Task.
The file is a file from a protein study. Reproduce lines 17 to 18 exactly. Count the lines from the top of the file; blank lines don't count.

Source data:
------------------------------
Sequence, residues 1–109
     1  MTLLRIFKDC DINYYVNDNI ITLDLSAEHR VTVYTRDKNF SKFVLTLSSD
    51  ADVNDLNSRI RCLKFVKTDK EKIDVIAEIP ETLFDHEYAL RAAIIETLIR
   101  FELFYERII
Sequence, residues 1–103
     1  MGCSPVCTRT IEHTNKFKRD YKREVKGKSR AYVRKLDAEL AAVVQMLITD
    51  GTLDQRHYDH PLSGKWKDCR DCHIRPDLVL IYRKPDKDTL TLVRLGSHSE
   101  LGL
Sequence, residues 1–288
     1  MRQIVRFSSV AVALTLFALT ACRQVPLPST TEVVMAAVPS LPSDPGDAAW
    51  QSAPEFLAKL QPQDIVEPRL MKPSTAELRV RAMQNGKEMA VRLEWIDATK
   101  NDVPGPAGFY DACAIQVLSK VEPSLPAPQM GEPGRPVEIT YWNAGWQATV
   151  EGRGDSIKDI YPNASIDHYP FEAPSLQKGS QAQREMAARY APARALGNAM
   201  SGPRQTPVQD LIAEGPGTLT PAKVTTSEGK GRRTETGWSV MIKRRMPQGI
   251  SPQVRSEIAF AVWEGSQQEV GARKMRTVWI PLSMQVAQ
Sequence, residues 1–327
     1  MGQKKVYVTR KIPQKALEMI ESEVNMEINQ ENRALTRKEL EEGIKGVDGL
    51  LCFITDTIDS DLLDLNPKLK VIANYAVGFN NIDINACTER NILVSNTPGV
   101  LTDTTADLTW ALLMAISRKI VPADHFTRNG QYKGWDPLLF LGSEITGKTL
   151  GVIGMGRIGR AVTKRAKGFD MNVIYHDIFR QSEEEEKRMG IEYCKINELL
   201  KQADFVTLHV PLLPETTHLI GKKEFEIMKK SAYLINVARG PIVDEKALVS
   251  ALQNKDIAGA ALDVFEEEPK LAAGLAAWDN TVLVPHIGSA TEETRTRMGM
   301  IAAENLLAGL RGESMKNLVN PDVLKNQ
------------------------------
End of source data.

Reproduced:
     1  MGQKKVYVTR KIPQKALEMI ESEVNMEINQ ENRALTRKEL EEGIKGVDGL
    51  LCFITDTIDS DLLDLNPKLK VIANYAVGFN NIDINACTER NILVSNTPGV